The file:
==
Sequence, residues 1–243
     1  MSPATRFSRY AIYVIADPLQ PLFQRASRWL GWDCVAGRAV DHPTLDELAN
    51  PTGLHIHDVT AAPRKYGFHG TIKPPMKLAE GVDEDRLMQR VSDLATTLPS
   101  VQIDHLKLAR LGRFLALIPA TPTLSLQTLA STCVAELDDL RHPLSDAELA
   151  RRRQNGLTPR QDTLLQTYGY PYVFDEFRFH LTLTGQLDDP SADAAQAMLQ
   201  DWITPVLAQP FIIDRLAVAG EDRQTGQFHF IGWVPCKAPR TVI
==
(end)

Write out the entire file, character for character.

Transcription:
Sequence, residues 1–243
     1  MSPATRFSRY AIYVIADPLQ PLFQRASRWL GWDCVAGRAV DHPTLDELAN
    51  PTGLHIHDVT AAPRKYGFHG TIKPPMKLAE GVDEDRLMQR VSDLATTLPS
   101  VQIDHLKLAR LGRFLALIPA TPTLSLQTLA STCVAELDDL RHPLSDAELA
   151  RRRQNGLTPR QDTLLQTYGY PYVFDEFRFH LTLTGQLDDP SADAAQAMLQ
   201  DWITPVLAQP FIIDRLAVAG EDRQTGQFHF IGWVPCKAPR TVI